What is the Minimum Wage for Servers in Ohio?

Author: Jason Coles

Updated On:

Updated On:

If you are a server in Ohio or are considering becoming one, then you should know what the minimum wage is for servers in Ohio to see if you are being paid the correct amount, or whether this is a job you would like to do.

The laws surrounding the Ohio minimum wage for servers act as a safety net for those that may not earn enough in tips to meet the minimum wage threshold in the state.

Servers are those who provide and serve their customers with food and beverages in a restaurant or similar type of business where food and drinks are brought to the table, and as part of this service, a server will typically receive tips (gratuities) for doing so.

Ohio servers usually rely less on their hourly wage and more on the generosity of guests to make a reasonable living from being a server.

Server Minimum Wage in Ohio

So, what is the minimum wage in Ohio for waitresses? The minimum cash wage for servers in Ohio is the same as the tipped minimum wage in Ohio, which is $5.05 per hour.

This is the minimum per hour that an Ohio server must be paid and that an Ohio employer must pay its servers. The graphic below shows the OH server minimum wage rate over the years.

Ohio Server Minimum Wage 2023 (Minimum Cash Wage and Tip Credits)

$5.05 per hour may sound like a small amount to be paid an hour, but Ohio servers are required to be supplemented by their employers via “tipped credit”, which is, in Ohio’s case, $5.05 per hour, making the server minimum wage in Ohio a total of $10.10 per hour.

This is the same as the regular minimum wage in Ohio which applies to all types of employees that work in the state.

Per the tipped minimum wage laws that apply to all states, Ohio employers are required to pay their employees an hourly minimum cash wage with the addition of tip credits.

What tipped credits allow employers to do is pay tipped employees less than the minimum wage so long as they can make up the difference via tips per hour.

Tip credit not only allows server employees to be paid less than the minimum hourly wage, but it is also the same concept with bartenders, hotel workers, some airport workers, and pretty much any job role where tips are the primary income for the employee.

In Ohio, servers must be paid a base minimum cash wage of $5.05 per hour. The expectation is that Ohio servers will make at least an additional $5.05 per hour in tips on average across their pay period, and if they do, then the employer is only obligated to pay an Ohio server $5.05 per hour.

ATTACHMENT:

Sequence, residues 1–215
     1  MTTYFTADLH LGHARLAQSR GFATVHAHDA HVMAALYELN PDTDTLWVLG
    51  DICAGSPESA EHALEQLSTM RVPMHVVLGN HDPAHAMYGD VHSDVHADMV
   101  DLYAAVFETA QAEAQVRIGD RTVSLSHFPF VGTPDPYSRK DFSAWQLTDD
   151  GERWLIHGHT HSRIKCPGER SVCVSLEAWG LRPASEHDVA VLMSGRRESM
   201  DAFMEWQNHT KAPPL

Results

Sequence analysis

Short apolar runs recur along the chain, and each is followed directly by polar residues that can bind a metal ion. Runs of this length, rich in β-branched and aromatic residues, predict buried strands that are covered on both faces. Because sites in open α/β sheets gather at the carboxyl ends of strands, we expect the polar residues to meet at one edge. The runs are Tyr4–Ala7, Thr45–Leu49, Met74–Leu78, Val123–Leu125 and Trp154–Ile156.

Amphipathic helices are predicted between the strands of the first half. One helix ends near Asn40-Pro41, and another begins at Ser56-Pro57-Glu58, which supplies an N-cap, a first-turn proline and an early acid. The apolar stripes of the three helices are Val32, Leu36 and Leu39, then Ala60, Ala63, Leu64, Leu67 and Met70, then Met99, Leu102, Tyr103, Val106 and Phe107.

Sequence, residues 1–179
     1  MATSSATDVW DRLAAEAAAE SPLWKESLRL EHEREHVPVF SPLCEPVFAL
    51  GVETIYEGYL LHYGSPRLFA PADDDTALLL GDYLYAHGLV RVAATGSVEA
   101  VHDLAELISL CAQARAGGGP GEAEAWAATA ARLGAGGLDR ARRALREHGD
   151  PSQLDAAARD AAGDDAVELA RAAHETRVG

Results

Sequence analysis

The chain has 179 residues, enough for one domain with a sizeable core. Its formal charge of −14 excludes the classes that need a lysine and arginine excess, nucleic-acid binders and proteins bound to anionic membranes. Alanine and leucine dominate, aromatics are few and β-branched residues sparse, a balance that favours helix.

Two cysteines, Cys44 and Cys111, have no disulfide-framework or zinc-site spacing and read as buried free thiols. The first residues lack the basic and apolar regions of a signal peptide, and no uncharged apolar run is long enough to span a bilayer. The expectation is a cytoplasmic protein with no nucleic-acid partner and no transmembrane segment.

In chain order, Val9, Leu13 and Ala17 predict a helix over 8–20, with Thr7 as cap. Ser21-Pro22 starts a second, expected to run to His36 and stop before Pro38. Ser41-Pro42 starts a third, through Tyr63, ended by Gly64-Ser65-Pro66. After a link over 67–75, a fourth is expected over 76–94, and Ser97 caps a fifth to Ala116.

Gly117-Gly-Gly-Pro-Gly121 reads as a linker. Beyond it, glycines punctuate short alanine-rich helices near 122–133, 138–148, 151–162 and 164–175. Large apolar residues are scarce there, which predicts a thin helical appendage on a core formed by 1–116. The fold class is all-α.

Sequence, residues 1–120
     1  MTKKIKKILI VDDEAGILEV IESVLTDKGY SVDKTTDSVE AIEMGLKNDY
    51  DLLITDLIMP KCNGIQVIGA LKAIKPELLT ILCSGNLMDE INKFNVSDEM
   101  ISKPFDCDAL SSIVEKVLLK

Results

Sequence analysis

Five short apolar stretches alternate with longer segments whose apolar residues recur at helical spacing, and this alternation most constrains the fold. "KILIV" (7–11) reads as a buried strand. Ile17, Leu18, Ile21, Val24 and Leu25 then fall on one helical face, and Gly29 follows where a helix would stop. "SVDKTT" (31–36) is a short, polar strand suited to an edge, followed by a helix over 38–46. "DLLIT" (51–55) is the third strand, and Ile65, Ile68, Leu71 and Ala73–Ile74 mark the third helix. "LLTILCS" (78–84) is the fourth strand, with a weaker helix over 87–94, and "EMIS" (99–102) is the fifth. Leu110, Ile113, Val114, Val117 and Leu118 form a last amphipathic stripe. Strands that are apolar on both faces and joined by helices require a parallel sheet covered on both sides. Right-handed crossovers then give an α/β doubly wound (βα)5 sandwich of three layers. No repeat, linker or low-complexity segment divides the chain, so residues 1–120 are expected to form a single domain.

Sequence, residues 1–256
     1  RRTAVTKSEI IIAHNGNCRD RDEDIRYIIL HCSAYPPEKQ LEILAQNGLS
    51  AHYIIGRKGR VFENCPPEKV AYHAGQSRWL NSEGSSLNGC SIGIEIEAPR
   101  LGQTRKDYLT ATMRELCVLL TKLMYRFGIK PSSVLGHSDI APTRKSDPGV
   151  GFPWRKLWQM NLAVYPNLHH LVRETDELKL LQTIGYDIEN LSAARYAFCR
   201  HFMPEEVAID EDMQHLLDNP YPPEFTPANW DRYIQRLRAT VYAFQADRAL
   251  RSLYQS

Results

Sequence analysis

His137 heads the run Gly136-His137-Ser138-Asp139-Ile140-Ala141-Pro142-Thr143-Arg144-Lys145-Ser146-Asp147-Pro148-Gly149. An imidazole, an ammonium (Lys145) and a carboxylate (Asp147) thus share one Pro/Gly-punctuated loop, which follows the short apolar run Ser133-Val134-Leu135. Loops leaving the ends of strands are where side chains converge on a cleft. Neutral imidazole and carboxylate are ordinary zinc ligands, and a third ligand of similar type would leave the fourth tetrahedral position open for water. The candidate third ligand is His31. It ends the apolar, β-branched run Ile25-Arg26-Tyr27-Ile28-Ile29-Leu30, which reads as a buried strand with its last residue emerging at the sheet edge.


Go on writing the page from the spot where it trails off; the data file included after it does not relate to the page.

Let’s assume that a server does not make at least $5.05 per hour in tips as an average over the course of their pay period (usually two weeks), then the employer must step in and pay the Ohio server a tip credit of $5.05 per hour, so the server makes a minimum of $10.10 per hour for the duration of the pay period they worked.

Fair Labor Standards Act (FLSA) and Tipped Employees

The Federal Fair Labor Standards Act, also known as the FLSA, is a federal law from the U.S. Department of Labor.

This law establishes a national minimum wage, defines classifications for employees, and covers other essential standards and requirements for employers.

Federal law requires that employers make tipped employees aware of the cash wage paid (currently, the national direct hourly salary is $2.13 per hour), let them know about the tip credit, and explain any tip pooling systems at the workplace.

Because Ohio’s minimum wage rate is higher than the federal minimum wage rate, the state laws supersede the federal regulations.

Ohio Server Minimum Wage History

The table below showcases the current rate and history of the Ohio server minimum wage over the past 15+ years since 2008.

You can see when there were increases in the server minimum wage, which includes not only the tipped minimum wage rates but the tipped credit rates too.

StateTipped Server WageTip CreditTotal
Ohio server minimum wage 2023$5.05$5.05$10.10
Ohio server minimum wage 2022$4.65$4.65$9.30
Ohio server minimum wage 2021$4.40$4.40$8.80
Ohio server minimum wage 2020$4.35$4.35$8.70
Ohio server minimum wage 2019$4.30$4.25$8.55
Ohio server minimum wage 2018$4.15$4.15$8.30
Ohio server minimum wage 2017$4.08$4.07$8.15
Ohio server minimum wage 2016$4.05$4.05$8.10